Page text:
January 15, 1961

It took a seven-hour meeting and intervention by AFL commissioner Joe Foss, but the long-rumored ownership shakeup finally happened.

The day started with the eight owners getting together to try and resolve the mutual antipathies that had built up among the various group cliques. Three hours in and with nothing settled, Foss arrived in person with a pair of league lawyers.

As Foss explained, behavior at recent league meetings had shown that “all was not well in Oakland. It was decided then that I should come to Oakland for the meeting. I was authorized to take away the franchise if the problems couldn’t be worked out. I got here after the men had been in session for three hours and had reached an impasse.” Everyone agreed they wanted to keep the team in Oakland, but Foss said, “they just couldn’t get along and it was obvious one group had to sell out. For the next four hours, I and the league attorneys listened to both sides of the argument and finally a sale agreement was reached. Everyone in the league feels that Oakland can become one of our great franchises.”

It was decided that Don Blessing, Charles Harney, Roger Lapham, Wallace Marsh, and Chet Soda would sell their shares to Ed McGah, Robert Osborne, and Wayne Valley. McGah would retain his position as president, with the vice presidency going to Valley, and Osborne assuming the treasurer role.

Afterward, Valley said, “The three of us have wanted all along to proceed in Oakland. We are all East Bay businessmen and we feel that we can succeed.” Asked about rumors that the team would pursue austerity, he added, “We want to win, and we are businessmen, and within those confines we shall move forward. We have lots of things to look into and personnel to evaluate. This is not to say that we are unhappy with the people we now have.”

One of those people was Eddie Erdelatz who, responding to the news that the team would stay in town, said it was “one of the greatest things to happen to the city of Oakland. We will make every effort to field a team Oakland can be proud of next season. The American League has shown what it can do on the field. Our fans were pleased with the wide-open style of play and I feel we’ll have much larger crowds next year.”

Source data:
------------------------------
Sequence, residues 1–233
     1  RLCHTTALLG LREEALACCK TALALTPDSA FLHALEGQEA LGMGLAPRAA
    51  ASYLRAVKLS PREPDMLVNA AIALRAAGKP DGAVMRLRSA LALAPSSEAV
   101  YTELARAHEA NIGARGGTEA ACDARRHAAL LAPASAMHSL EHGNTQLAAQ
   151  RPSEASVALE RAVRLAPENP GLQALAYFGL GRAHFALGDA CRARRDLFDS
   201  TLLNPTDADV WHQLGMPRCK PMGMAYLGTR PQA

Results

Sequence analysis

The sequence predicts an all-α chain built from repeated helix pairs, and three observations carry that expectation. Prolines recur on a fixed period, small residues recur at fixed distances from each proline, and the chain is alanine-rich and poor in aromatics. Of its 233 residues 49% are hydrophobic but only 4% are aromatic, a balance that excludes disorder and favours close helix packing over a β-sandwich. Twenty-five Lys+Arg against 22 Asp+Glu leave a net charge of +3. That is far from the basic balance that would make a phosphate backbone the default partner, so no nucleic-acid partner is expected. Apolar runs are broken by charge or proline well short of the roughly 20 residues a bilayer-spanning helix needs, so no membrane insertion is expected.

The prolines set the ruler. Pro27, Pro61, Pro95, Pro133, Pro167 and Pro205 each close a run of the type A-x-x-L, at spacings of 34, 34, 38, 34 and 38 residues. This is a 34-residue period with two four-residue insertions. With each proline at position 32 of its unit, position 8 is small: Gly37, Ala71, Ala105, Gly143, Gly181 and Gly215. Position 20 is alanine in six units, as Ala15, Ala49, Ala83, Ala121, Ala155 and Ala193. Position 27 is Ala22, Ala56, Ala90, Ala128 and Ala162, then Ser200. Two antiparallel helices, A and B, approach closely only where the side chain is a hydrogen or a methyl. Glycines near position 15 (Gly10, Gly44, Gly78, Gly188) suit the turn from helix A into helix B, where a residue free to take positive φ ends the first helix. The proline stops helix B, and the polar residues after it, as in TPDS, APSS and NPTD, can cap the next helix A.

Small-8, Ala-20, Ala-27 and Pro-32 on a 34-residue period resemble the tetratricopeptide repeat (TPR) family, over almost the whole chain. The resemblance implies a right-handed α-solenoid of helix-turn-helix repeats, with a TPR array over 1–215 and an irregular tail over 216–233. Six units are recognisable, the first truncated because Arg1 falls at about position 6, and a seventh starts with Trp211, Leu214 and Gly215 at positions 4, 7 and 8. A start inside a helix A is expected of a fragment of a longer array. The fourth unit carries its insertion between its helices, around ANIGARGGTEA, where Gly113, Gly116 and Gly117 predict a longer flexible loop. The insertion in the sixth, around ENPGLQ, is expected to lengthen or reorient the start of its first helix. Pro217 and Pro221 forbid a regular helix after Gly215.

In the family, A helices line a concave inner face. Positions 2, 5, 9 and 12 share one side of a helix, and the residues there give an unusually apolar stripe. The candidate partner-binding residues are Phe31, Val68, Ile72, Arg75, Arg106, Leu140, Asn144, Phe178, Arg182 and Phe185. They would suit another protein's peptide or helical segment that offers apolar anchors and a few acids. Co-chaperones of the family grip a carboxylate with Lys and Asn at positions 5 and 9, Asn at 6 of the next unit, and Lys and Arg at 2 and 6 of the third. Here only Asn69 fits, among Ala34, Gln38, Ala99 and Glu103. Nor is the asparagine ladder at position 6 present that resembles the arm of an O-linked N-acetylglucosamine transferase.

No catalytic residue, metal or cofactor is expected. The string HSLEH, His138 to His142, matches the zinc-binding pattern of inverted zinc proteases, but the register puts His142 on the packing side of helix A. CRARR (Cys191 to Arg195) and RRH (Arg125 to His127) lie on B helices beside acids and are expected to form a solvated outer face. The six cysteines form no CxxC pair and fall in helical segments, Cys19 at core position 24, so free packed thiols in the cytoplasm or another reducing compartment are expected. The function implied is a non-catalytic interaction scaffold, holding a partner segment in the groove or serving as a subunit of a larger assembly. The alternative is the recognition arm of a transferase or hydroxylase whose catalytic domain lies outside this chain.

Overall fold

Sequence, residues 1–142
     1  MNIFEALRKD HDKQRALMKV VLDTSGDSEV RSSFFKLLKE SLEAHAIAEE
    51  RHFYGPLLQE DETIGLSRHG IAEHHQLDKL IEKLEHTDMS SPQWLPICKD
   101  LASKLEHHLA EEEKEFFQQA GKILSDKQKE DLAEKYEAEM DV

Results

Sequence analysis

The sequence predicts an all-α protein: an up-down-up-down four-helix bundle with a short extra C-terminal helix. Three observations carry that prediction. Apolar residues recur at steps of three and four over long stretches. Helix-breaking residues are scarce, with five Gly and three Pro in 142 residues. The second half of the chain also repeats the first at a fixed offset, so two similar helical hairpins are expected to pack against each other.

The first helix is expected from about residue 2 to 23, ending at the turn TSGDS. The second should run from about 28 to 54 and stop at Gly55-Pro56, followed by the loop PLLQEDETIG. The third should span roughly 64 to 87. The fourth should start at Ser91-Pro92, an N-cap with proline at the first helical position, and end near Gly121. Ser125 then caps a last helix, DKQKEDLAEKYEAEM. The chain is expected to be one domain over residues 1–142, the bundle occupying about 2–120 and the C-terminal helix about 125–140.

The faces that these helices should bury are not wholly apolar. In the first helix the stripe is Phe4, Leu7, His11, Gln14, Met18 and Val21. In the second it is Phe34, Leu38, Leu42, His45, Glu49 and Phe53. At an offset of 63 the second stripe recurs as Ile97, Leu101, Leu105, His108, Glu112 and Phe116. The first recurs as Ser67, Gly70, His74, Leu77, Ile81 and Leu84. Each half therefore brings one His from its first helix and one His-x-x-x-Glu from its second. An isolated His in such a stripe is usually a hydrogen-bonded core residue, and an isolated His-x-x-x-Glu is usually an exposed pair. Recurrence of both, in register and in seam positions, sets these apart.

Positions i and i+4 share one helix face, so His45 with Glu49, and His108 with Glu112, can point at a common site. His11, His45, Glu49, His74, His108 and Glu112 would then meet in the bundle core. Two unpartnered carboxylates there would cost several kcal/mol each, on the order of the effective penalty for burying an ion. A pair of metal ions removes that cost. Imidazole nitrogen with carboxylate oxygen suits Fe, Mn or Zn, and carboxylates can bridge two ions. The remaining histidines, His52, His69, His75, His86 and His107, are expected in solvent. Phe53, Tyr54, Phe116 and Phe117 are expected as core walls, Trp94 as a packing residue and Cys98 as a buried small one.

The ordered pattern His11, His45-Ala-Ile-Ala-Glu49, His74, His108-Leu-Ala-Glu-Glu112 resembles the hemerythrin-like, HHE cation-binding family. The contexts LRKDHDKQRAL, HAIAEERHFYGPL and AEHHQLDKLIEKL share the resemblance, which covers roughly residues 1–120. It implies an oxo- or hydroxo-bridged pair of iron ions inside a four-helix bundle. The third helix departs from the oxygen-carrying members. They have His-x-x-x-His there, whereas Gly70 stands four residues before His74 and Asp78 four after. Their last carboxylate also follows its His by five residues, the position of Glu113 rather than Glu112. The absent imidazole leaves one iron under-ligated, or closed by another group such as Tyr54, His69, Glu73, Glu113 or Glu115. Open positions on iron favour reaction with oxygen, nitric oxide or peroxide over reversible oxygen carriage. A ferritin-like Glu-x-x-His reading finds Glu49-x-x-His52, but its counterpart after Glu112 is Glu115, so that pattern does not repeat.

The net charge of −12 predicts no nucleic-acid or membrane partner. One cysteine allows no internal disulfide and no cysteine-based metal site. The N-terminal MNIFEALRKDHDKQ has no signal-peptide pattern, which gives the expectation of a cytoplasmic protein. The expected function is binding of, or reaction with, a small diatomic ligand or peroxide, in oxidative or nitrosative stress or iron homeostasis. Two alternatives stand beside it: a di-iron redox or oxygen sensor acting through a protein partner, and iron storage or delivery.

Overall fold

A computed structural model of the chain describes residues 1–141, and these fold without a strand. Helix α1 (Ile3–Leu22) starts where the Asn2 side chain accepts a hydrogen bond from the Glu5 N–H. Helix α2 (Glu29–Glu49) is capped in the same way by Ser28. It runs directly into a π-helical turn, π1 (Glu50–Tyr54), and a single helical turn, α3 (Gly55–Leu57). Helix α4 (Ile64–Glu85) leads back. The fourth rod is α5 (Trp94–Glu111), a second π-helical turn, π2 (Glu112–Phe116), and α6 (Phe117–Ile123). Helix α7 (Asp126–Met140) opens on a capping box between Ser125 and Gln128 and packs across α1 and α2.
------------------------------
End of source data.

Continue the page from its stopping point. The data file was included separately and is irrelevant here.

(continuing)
Oakland Tribune
San Francisco Chronicle

 

January 14, 1961

A report appeared in Chicago newspapers that White Sox owner Bill Veeck had purchased the Raiders for $175,000 and planned to move them to Comiskey Park. All parties hastened to refute the story.

Veeck said the tale was “absolutely not true. I have not talked with officials of the Oakland team or any other professional football club and I don’t contemplate doing so. We would like to have a tenant for Comiskey Park in the offseason, but I wouldn’t go so far as buying Oakland to get one.”

Wayne Valley said, “We don’t know anything about that. It’s the first I’ve heard of it and it’s completely untrue. It’s a shot in the dark. If there were anything to it, I would be the first one to know.”

Chet Soda said the report was a “complete surprise to him,” though co-owner Roger Lapham said that Soda had responded positively to the rumor when he first heard it and Lapham added for himself, “You can quote me: the Raiders are for sale at the proper price.”

All this served to highlight news of continued dissension amongst the owners. Lapham said, “We’ll either resolve our problems among ourselves or sell the club before the end of the month.”

Newly installed team president Ed McGah acknowledged there were disagreements but thought they “should see it through at least the second year, as we agreed.” He admitted some of the owners wanted to sell out and that other owners had offered to buy them out, but in any event the team would stay in Oakland. “Bob Osborne, for one, is too civic-minded to let (a move) happen and our pre-incorporation articles state that no one can sell any part of his stock without the unanimous approval of the other owners.”

Hayward Daily Review
Oakland Tribune
San Francisco Chronicle

January 4, 1961

According to Scotty Stirling in the Oakland Tribune, the anticipated shakeup among the Oakland Raider ownership had begun, with Ed McGah, Robert Osborne, and Wayne Valley assuming more dominant roles. As an interim measure, McGah was named president with Bud Hastings taking the post of acting general manager.